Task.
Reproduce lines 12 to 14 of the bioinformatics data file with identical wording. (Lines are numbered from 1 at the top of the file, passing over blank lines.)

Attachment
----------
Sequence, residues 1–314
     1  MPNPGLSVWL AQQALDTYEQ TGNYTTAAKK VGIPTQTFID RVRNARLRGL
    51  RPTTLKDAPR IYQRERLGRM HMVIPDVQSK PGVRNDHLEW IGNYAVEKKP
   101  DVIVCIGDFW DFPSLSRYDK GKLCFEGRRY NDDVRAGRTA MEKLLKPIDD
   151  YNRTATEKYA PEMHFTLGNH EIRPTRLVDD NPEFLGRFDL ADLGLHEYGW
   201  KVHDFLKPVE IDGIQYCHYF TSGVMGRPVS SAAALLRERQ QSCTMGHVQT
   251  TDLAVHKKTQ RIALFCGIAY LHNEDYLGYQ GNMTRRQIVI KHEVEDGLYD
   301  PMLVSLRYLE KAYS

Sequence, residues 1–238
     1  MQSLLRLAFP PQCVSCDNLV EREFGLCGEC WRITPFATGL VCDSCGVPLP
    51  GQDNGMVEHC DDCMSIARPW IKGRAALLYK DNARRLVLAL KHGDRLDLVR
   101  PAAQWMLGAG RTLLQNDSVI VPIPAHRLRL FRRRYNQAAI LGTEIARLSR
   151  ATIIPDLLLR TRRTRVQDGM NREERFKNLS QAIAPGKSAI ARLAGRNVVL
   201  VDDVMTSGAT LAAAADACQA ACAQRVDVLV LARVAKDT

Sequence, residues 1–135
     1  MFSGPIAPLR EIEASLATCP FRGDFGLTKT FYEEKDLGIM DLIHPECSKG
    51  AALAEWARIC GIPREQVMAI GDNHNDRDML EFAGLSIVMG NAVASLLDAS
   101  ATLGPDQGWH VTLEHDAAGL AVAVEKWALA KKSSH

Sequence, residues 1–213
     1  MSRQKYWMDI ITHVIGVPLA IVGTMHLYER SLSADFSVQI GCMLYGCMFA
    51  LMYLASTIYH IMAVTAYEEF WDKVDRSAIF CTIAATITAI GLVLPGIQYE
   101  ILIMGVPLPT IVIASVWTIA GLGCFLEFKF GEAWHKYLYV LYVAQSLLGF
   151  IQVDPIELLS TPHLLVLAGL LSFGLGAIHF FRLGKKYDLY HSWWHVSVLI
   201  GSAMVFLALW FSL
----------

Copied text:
   101  PAAQWMLGAG RTLLQNDSVI VPIPAHRLRL FRRRYNQAAI LGTEIARLSR
   151  ATIIPDLLLR TRRTRVQDGM NREERFKNLS QAIAPGKSAI ARLAGRNVVL
   201  VDDVMTSGAT LAAAADACQA ACAQRVDVLV LARVAKDT